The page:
Bariatric Surgery

Beyond Weight Loss

By their very name, “weight-loss surgeries” put the emphasis on the visible: the loss of weight. But the benefits of the procedures are much more than cosmetic, enabling many patients to better control or even eliminate diabetes, lower blood pressure, reduce cholesterol, and improve a variety of other health issues. 

 

Dr. Mark Vierra“Although it is understandable that most people
focus on weight loss as the goal of weight-loss
surgery, this is commonly not our chief concern.”

— Dr. Mark Vierra, Monterey general surgeon

“Although it is understandable that most people focus on weight loss as the goal of weight-loss surgery, this is commonly not our chief concern when we are considering the patient for this type of operation,” says Dr. Mark Vierra, a general surgeon who has performed more than 2,500 bariatric surgeries. “About two years ago, the American Society for Bariatric Surgery changed its name to the American Society for Metabolic and Bariatric Surgery to emphasize the attention we pay to metabolic conditions such as diabetes, hypertension, high cholesterol, sleep apnea, and heart disease.”  

Studies cited by the society say that bariatric surgery can improve or resolve more than 30 obesity-related conditions.

One study found:

  • Type 2 diabetes remission in 76.8 percent of patients
  • High blood pressure eliminated in 61.7 percent of patients and significantly improved in 78.5 percent of patients
  • High cholesterol reduced in more than 70 percent of patients
  • Sleep apnea eliminated in 85.7 percent of patients

The study in the Journal of the American Medical Association, also found that joint disease, asthma, and infertility were dramatically improved or resolved among the patients studied. It also showed that patients lost between 62 percent and 75 percent of their excess weight.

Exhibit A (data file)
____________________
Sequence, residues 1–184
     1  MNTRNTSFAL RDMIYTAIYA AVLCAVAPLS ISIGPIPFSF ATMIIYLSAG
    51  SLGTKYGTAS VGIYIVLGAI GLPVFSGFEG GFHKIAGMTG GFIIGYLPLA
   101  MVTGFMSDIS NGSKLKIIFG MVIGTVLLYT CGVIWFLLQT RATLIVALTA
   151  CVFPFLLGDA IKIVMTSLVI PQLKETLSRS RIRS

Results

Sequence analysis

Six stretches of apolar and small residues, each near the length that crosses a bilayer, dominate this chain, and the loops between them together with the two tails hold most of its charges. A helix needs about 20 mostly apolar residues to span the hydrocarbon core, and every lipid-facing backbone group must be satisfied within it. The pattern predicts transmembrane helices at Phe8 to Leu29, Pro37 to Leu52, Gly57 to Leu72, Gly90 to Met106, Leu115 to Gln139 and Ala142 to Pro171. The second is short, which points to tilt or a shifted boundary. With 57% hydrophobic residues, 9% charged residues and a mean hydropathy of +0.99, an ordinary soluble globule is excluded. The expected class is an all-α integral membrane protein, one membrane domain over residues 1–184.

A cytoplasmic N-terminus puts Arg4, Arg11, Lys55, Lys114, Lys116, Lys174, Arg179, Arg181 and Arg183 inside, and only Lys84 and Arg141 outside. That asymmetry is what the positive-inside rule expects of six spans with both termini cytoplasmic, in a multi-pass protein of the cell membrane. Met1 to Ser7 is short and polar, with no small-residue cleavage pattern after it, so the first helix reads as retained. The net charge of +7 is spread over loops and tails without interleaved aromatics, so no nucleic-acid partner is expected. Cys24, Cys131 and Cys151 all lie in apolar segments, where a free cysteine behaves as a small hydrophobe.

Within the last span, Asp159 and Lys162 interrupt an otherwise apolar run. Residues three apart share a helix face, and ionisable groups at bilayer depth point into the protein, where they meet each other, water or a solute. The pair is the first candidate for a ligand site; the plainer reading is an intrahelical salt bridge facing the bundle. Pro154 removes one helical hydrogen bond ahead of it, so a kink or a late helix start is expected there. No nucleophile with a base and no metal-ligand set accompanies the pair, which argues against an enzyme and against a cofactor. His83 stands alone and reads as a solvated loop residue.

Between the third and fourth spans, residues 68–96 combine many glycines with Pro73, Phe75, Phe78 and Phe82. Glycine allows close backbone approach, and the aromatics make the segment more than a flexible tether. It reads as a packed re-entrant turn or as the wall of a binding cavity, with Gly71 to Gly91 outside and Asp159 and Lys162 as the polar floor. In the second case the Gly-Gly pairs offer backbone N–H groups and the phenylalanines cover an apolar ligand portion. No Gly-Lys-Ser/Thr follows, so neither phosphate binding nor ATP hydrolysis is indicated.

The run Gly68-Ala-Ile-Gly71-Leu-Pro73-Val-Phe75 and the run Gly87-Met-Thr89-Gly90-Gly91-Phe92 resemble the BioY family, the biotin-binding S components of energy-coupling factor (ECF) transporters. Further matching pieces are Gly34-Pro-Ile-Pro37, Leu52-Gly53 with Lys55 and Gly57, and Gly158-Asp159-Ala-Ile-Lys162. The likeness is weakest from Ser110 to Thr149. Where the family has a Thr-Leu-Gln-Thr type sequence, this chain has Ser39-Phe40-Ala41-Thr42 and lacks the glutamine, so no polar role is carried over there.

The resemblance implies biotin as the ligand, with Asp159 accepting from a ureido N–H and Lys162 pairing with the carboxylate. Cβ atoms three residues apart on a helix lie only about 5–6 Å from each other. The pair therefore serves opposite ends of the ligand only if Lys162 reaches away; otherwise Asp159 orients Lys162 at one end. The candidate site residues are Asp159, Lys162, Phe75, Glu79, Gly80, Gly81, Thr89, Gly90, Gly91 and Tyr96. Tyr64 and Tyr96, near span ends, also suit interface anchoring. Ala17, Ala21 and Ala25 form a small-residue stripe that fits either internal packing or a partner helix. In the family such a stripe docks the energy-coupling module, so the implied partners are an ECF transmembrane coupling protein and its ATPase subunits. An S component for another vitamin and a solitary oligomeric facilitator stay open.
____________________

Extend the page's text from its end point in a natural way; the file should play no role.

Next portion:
“Weight loss by any means,” says Vierra, “has been shown to improve or help prevent all of these conditions in most people, even people who are just a little bit overweight. The problem is that without surgery almost no one loses a lot of weight and keeps it off for more than two years. Three major studies have shown that weight-loss surgery saves lives because of fewer deaths from diabetes, heart disease, and cancer.

 

Community Hospital’s  Bariatric Surgery Center

In 2012, the American College of Surgeons and the American Society for Metabolic and Bariatric Surgery combined their respective national bariatric surgery accreditation programs in a single program to achieve one national standard. That accreditation, now held by Community Hospital, is the Metabolic and Bariatric Surgery Accreditation and Quality Improvement Program (MBSAQIP). 

“Not everyone has a great diet after weight-loss surgery,” Vierra continues. “But many people are able to make dramatic changes in their diets, which they seemed to have been unable to do without the aid of surgery, I think because they find themselves encouraged by being able to lose weight more effectively and more reliably. Perhaps for all these reasons — lost weight, diminished calorie intake, and better diet — most patients who have sleep apnea, abnormal lipids, high blood pressure, or joint disease will find that these conditions are much improved or even go into remission with weight-loss surgery.”